A (Former) Missionary's Practical Faith in Resurrection
28 October 2010 (updated 12 January 2016)
Today, while looking through old journal entries, I came across the following passage, written when I was a missionary for the LDS Church:
“He is God. He is a plurality of beings on the cutting edge of reality. He is the dictator of truth and the guardian of truth. He will make sure that all the prophecies will be fulfilled. This is faith. Waiting for the prophecies to happen isn’t faith, and if we want to learn to become Gods then we need to learn how to make prophecies reality. How will the resurrection come to pass? I don’t know for sure, but I believe that God won’t do for us what we can do for ourselves. I’ve heard a prophet said that we will bring about the ordinance of the resurrection for our ancestors. We must find a way to bring the dead of all generations back to physical existence.” (17 October 1995 in Aix-en-provence, France)
I would write some of that differently today. For example, I don’t particularly like the phrase “dictator of truth”. It sounds too autocratic, despite its attribution to a “plurality of beings”. Are they, together, a bunch of tyrants? As another example, today I wouldn’t write that God “will make sure that all the prophecies will be fulfilled”. As explained elsewhere, I don’t think some prophecies were intended to be or should be fulfilled.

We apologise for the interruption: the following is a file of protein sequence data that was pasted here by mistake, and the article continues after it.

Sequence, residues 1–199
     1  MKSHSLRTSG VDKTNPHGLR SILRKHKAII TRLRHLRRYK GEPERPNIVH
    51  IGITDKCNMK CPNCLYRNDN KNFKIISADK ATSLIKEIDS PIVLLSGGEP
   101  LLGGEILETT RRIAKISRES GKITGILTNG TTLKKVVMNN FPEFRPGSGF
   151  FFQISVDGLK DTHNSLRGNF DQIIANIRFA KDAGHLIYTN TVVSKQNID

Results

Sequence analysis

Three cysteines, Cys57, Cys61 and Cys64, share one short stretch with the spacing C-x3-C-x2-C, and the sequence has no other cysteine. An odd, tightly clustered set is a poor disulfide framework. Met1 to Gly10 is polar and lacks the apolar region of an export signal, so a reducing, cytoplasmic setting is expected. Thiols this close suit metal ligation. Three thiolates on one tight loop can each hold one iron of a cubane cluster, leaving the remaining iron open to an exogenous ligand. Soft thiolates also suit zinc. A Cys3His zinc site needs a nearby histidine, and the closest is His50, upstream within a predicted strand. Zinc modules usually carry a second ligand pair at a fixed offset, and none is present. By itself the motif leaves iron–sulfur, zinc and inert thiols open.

However, fifteen years later, I continue to maintain this practical faith that we should consider it our responsibility to work out the prophesied resurrection. If we’re wrong, it either will or will not happen according to the powers, intelligent or otherwise, greater than us. If we’re right, we lose out on it unless and until we make it happen. God bless (we should hope) the pelagian heresy.